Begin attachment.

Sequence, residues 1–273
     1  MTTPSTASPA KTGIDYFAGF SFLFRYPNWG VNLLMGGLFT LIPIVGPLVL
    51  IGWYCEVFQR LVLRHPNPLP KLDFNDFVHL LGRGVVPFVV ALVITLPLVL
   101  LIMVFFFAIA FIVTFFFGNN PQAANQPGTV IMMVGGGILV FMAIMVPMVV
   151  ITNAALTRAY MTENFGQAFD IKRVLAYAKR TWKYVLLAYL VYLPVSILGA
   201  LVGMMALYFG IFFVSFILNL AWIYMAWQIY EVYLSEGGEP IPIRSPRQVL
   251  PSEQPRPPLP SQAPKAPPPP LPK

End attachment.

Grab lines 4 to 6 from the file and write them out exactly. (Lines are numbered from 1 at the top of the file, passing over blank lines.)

   101  LIMVFFFAIA FIVTFFFGNN PQAANQPGTV IMMVGGGILV FMAIMVPMVV
   151  ITNAALTRAY MTENFGQAFD IKRVLAYAKR TWKYVLLAYL VYLPVSILGA
   201  LVGMMALYFG IFFVSFILNL AWIYMAWQIY EVYLSEGGEP IPIRSPRQVL